The best answer that I can give without photons is that atoms are described as elastic electric dipoles, with the negative electron cloud surrounding the positive nucleus.

When the EM wave reaches the atom, the electrons get pulled by the electric field a little bit away from the nucleus inducing an electric dipole in the atom. This electric dipole would oscillate at its natural frequency, but is being driven by the frequency of the EM wave. The oscillating electric dipole radiates its own electric field (as all accelerating charges do) at the same frequency as the driving field, but slightly out of phase due to the inertia of the atoms (among other factors). When the frequency of the EM wave is equal to the natural frequency of the dipole, the dipole oscillates with maximum amplitude, and more energy from the EM wave is converted to kinetic energy of the dipole.

Depending on various properties of these atoms, this dipole radiation can be released quickly or slowly, but is released all the same, and in all directions. Because of multiple atomic energy levels (and therefore multiple natural frequencies), the emitted light need not be the same frequency as the light of the EM wave, and could even be in the infrared while the initial EM wave was visible.

This, of course is a hand-wavey description, and specific situations will vary in the details.
how energy of wave is converted into kinetic energy of the particle

Soumava said:
how energy of wave is converted into kinetic energy of the particle

I don't know if there is a good answer to this question.

It may help to imagine the process in reverse.
If you have an oscillating dipole, it will produce electromagnetic radiation because the charges are accelerating. The conservation of energy requires that the energy of the radiation released be equal to the kinetic energy lost.
A fuller description of this mechanism can be found by looking up how the Larmor formula for the power radiated by accelerating charges works.

jfizzix said:
I don't know if there is a good answer to this question.

It may help to imagine the process in reverse.
If you have an oscillating dipole, it will produce electromagnetic radiation because the charges are accelerating. The conservation of energy requires that the energy of the radiation released be equal to the kinetic energy lost.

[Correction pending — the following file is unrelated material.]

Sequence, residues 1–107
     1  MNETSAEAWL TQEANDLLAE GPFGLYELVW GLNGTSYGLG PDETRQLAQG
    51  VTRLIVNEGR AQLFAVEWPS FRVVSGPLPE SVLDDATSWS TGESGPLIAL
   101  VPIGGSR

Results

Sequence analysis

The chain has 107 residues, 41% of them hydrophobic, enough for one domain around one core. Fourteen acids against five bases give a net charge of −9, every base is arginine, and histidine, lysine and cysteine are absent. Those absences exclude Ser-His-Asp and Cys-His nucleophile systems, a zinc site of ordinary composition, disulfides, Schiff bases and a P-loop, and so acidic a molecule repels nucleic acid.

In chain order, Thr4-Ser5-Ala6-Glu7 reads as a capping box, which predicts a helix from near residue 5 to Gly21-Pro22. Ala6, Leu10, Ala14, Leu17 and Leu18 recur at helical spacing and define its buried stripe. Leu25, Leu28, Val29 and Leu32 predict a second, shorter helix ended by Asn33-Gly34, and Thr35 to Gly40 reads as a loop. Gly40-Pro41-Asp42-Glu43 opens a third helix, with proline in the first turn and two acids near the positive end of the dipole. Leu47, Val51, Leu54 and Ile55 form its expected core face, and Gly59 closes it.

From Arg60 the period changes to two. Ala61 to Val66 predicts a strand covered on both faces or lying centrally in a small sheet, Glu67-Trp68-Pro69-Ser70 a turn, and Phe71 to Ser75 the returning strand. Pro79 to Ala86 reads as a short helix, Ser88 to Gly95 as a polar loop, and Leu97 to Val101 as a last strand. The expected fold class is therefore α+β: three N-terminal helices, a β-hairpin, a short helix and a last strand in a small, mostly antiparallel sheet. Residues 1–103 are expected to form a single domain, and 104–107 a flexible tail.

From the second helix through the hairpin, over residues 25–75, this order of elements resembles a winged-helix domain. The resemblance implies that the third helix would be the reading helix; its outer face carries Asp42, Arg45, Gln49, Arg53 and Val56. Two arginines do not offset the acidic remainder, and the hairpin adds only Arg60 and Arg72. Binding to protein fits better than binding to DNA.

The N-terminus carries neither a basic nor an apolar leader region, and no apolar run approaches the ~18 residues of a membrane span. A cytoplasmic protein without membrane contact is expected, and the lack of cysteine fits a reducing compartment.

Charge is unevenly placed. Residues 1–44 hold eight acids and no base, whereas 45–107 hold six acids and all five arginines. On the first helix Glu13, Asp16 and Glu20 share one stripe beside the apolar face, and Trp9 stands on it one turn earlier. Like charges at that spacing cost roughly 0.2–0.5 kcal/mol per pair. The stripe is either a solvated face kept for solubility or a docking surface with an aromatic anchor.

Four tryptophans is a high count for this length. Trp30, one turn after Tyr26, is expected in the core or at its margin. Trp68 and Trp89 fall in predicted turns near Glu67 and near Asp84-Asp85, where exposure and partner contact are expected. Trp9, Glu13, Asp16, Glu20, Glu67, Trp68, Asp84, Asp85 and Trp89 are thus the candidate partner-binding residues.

A fuller description of this mechanism can be found by looking up how the Larmor formula for the power radiated by accelerating charges works.
what happens to the original electromagnetic wave

Soumava, I've got to admire your fortitude - sticking to your guns and refusing to use punctuation and writing complete sentences. That'll teach us! Yesiree! Couple that with providing us clarifying information one tiny piece at a time and you can make a question that could be answered in five minutes stretch out for days.

Or, you could think about the question you are asking, write it clearly, concisely, and completely - using proper English - and get your answer quickly. Up to you.

Soumava said:
what happens to the original electromagnetic wave

This is a good question to ask, but I can only give a partial answer without talking about photons.

To get some intuition for what happens to an EM wave as it gets absorbed, you will want to look up how EM waves behave in a medium that can conduct electricity, since here, we have free charges interacting with the field.

Looking at Maxwell's equations, you can argue that for an EM wave in a vacuum, the rate of change of the electric field drives the magnetic field, while the rate of change of the magnetic field in turn drives the electric field.

In a conductor, this simple reciprocal relationship is no longer true, as the magnetic field is driven both by the rate of change of the electric field, and the electric current, which in turn is approximately proportional to the electric field (from Ohm's law).

[[]]
This is a hand-wavey way of looking at it, but...
Because the electric field is causing the charges to move, and because moving charges generate magnetic fields, and because accelerating charges generate changing magnetic fields, accelerating charges produce electric fields in the opposite direction of their acceleration, subtracting away from the original electric field, which decreases it.
[[]]